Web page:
According to a Japanese trivia game show, it is possible to use fifteen 3-litre water bottle rockets to launch a human 40 m. Busted While bottle rockets, on their own, could launch 1/15 of Kari's weight a fair distance, their combination into one super-rocket system did not have enough thrust to give the crash test dummy the trajectory or distance stated by the television show, and was considered too dangerous by paramedics to feasibly launch a human being. More bottle rockets proved only to add to the difficulty and complications. The Build Team also found that water cooler jugs, while able to launch higher at the standard air/water ratio for water bottle rockets, were weaker than standard soda bottles (which are designed to hold carbonated liquids), failing at around 60 psi (413 kPa) less than the soda bottles (90 psi (600 kPa) as opposed to 150 psi (1000 kPa)).

Episode 43 – "Seasickness – Kill or Cure"Edit

  • Original air date: November 16, 2005

Seasickness – Kill or Cure?Edit

Because Adam and Grant are very susceptible to motion sickness, they test non-pharmaceutical remedies for seasickness by...

Myth statement Status Notes
...using a cinnamon-flavored tongue spray. Busted The spray was not effective on Adam or Grant.
...using magnetized arm bands. Busted The arm bands were completely ineffective for both Adam and Grant. Some celebrities, such as Barry Manilow, claim they work, but they nonetheless do not operate on any valid scientific principles.
...taking a ginger pill. Plausible Both Adam and Grant endured the spin-chair for 20–30 minutes without experiencing any symptoms, but they decided it could not be confirmed, as seasickness is "very individual" and depends on the person.
...using an electro-shock wrist band. Busted The shocks mildly discomforted Adam and Grant, who nonetheless became sick.
...using a placebo, such as a vitamin or a sugar pill. Plausible While Adam was not affected by the placebo, Grant was successfully tricked into thinking he had taken a store-bought seasickness medication and did not throw up. He had taken vitamin B12 and claimed it was the most effective remedy. By falling for the placebo, all his test results had to be thrown out on the grounds of psychosomatic influence.

Tailgate Up vs. Tailgate DownEdit

This was revisited in More Myths Revisited.

Myth statement Status Notes
It is more fuel efficient to drive a pick-up truck with its tailgate down, rather than up. Busted Driving with the tailgate down actually increased drag on the pick-up and caused it to consume fuel faster than the identical truck driven with the tailgate up. The closed tailgate was later shown to have created a locked vortex flow that created a smoother flow of air over the truck. With the tailgate down, the trapped vortex was dissipated and the drag increased.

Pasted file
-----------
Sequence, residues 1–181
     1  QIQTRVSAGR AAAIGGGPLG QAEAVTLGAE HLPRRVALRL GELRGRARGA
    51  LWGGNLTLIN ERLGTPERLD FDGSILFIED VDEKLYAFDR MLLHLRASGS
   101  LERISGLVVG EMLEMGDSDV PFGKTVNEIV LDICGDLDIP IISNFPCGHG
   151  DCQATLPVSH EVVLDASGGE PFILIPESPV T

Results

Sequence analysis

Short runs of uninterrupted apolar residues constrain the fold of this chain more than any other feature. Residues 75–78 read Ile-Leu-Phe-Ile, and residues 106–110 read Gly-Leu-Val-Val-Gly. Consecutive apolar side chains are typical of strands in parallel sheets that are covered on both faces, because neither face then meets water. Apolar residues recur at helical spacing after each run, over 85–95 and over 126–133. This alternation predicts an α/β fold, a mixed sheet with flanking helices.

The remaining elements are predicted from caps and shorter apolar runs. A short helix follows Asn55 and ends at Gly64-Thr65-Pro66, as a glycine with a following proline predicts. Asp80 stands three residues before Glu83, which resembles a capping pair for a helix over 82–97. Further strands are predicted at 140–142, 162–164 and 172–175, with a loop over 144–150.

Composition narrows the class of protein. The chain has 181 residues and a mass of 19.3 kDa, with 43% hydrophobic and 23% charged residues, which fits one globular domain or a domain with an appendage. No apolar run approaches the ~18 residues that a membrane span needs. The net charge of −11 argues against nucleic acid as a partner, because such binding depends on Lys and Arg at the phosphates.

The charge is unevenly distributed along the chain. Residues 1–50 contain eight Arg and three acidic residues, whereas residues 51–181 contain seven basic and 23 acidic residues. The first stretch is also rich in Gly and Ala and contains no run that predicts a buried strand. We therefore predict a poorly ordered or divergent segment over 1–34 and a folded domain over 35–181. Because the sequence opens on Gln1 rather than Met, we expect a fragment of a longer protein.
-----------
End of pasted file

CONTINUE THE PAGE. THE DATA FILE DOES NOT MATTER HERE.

Finger in a BarrelEdit

The Build Team take on a myth that forms a staple of cartoon physics. This was revisited in Myths Redux.

Myth statement Status Notes
A shotgun plugged by a human finger will backfire and explode, injuring or killing the shooter instead of the intended victim. Busted Both test hands (composed of ballistics gel of varying firmness) were obliterated by the shotgun blast. Neither had the volume or strength needed to plug the barrel to create enough pressure to cause it to explode. Even under ridiculous circumstances like having the barrel clogged with soil, being sealed off by a 4-inch (10 cm) spike welded into the barrel and by being blocked by a simulated squib load, the gun still did not explode. The best results seen were minor deformations in the gun barrel.


  1. ^ a b c d e f "MythBusters Complete Episode List". Discovery Channel. Discovery Communications. Archived from the original on April 23, 2019. Retrieved January 24, 2016.
  2. ^ a b c d e f g h i j k l m n o p q r s t "MythBusters 2005 Episode Guide". Discovery Channel. Discovery Communications. Archived from the original on April 23, 2019. Retrieved January 24, 2016.
  3. ^ "Episode 29: Cooling a six-pack, ancient battery, and rebuilding Buster (extended edition)". Annotate MythBusters. Retrieved August 24, 2007.
  4. ^ "Shark Mini-Myths". MythBusters: Web Exclusive Video. Discovery Channel. Archived from the original on August 19, 2009. Retrieved October 25, 2009.

External linksEdit

  • MythBusters Official site
  • MythBusters at IMDb